“In the past five years, the TNHSP has helped address 400,000 pregnancy-related complications and 100,000 neo-natal complications through the CEmONC,” says Vijayakumar. The state in-charge of the CEmONC programme M. Kuppulakshmi feels that “ensuring that every link in the maternity service chain is actively present has made a crucial difference.”
Today, 1,539 PHCs across the state have 24×7 facilities to assist would-be mother. A special emergency ambulance service has been made available to take women to CEmONCs. People from anywhere in the state can dial a single common telephone number – monitored by a computer-based central control room – to request for an ambulance, which has a response time of a maximum of 30 minutes. The GPS-fitted ambulances are equipped with a ventilator and trained manpower is present to handle any emergency.
As per D. Gurusamy, the CEO of the 108 Emergency Ambulance Service, “Our 18 months of experience in providing the service has shown that 26 per cent of usage of the 108 toll-free service is for transporting pregnant women to hospitals. Each and every mother-to-be should have this service available to her.” Presently, there are 400 vehicles in the service and an additional 200 are being added. “Our records show that we have been able to assist 113,119 maternity cases. Of course, there is greater scope for linking up the 108 service to PHCs and secondary referral centres,” he adds.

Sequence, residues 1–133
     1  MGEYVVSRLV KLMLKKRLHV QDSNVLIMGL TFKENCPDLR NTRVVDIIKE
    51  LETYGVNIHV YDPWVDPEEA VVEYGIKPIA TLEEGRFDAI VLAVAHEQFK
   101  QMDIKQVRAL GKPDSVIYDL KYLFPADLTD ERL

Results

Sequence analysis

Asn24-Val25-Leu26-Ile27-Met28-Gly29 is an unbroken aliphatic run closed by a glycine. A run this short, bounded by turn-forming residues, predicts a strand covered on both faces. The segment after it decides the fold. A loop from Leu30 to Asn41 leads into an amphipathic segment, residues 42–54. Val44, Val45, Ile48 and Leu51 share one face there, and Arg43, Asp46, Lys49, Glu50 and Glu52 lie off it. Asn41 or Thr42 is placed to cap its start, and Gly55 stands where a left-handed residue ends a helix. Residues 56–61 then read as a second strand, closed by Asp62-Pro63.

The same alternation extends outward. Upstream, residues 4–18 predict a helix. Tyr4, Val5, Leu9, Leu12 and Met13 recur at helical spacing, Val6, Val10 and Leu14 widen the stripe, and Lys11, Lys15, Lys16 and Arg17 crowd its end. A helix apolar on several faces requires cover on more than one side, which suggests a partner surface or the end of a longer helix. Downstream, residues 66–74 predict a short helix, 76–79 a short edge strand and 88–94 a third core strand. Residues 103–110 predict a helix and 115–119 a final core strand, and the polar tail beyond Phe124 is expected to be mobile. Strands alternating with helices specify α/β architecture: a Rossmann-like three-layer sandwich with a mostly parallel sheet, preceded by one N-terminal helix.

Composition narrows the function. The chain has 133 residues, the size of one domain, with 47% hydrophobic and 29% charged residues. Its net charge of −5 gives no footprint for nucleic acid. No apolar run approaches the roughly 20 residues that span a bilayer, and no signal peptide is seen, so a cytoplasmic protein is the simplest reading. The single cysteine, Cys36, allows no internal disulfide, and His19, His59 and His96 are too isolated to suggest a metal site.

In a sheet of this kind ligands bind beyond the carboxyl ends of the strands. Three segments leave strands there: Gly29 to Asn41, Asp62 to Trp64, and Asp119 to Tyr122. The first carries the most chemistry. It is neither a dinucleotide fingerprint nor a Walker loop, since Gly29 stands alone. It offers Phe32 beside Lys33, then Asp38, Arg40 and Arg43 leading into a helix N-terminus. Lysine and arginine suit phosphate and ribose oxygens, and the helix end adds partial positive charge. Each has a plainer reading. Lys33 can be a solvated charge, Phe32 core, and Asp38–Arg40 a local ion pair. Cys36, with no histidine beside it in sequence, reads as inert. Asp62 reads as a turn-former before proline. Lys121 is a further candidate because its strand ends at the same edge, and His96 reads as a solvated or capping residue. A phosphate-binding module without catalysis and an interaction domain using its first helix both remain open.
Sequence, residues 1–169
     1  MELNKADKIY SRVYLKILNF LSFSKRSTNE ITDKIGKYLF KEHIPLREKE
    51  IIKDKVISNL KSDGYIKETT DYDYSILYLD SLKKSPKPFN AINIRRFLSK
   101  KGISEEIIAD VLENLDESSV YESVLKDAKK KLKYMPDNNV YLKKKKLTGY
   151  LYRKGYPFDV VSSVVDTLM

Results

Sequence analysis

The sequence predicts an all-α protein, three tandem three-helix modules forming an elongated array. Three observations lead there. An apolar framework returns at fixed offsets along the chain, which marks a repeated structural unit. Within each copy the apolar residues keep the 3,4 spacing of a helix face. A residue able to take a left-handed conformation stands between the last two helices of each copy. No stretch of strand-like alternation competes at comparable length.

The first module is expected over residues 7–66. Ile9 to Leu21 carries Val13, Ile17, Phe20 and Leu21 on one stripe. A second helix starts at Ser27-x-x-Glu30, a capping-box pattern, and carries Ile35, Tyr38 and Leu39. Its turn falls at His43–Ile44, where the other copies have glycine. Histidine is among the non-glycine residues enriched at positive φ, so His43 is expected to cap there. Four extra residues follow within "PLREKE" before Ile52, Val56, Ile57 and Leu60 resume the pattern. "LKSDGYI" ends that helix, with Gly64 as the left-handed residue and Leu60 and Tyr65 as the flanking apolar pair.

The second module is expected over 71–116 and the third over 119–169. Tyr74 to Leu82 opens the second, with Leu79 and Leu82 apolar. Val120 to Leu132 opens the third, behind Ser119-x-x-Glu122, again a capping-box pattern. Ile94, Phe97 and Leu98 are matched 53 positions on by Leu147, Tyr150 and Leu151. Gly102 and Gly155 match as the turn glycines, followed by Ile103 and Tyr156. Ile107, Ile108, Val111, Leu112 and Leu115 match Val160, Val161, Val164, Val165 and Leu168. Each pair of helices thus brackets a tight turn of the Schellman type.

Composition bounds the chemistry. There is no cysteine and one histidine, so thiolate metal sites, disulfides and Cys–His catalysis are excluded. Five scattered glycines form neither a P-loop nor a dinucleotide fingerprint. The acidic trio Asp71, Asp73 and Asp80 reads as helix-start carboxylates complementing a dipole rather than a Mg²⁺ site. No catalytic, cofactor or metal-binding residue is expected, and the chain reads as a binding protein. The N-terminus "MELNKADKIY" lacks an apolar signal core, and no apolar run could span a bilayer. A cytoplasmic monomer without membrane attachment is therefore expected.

Apart from the emergency ambulance service, the on-site blood banks at CEmONC have proved vital in saving lives. “A blood bank is a must at the referral centre. Normally, 60 per cent of the pregnant women are anaemic and there is blood loss of at least 500 ml in normal deliveries. If there is a 24-hour transfusion facility, it considerably increases the chance of survival,” explains Kuppulakshmi.
A concerted effort has also been made to upgrade the skills of staff nurses by providing training in better birthing practices, the proper use of Misoprostol (a non-steroid anti-inflammatory drug) to prevent postpartum haemorrhage, and maternal administration of magnesium sulphate.
“We are now able to bring down the maternal mortality. We are also being able to detect cases of pregnancy-related complications. More of such cases are being detected at the PHC-level and then referred to the secondary-level referral hospitals. This helps in timely intervention and reduces the risk of mothers and babies dying,” says Kuppulakshmi.